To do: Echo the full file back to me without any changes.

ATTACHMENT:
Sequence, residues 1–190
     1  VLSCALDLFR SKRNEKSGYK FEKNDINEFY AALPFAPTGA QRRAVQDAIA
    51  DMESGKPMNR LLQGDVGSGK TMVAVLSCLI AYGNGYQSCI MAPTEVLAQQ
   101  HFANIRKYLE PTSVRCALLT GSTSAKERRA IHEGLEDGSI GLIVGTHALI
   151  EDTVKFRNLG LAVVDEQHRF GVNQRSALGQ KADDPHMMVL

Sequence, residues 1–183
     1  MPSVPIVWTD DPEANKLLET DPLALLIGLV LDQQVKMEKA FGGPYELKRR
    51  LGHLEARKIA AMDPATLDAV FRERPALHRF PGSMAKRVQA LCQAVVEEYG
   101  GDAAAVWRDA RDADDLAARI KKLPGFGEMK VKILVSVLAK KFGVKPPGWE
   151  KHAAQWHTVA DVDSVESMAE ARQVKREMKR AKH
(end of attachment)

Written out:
Sequence, residues 1–190
     1  VLSCALDLFR SKRNEKSGYK FEKNDINEFY AALPFAPTGA QRRAVQDAIA
    51  DMESGKPMNR LLQGDVGSGK TMVAVLSCLI AYGNGYQSCI MAPTEVLAQQ
   101  HFANIRKYLE PTSVRCALLT GSTSAKERRA IHEGLEDGSI GLIVGTHALI
   151  EDTVKFRNLG LAVVDEQHRF GVNQRSALGQ KADDPHMMVL

Sequence, residues 1–183
     1  MPSVPIVWTD DPEANKLLET DPLALLIGLV LDQQVKMEKA FGGPYELKRR
    51  LGHLEARKIA AMDPATLDAV FRERPALHRF PGSMAKRVQA LCQAVVEEYG
   101  GDAAAVWRDA RDADDLAARI KKLPGFGEMK VKILVSVLAK KFGVKPPGWE
   151  KHAAQWHTVA DVDSVESMAE ARQVKREMKR AKH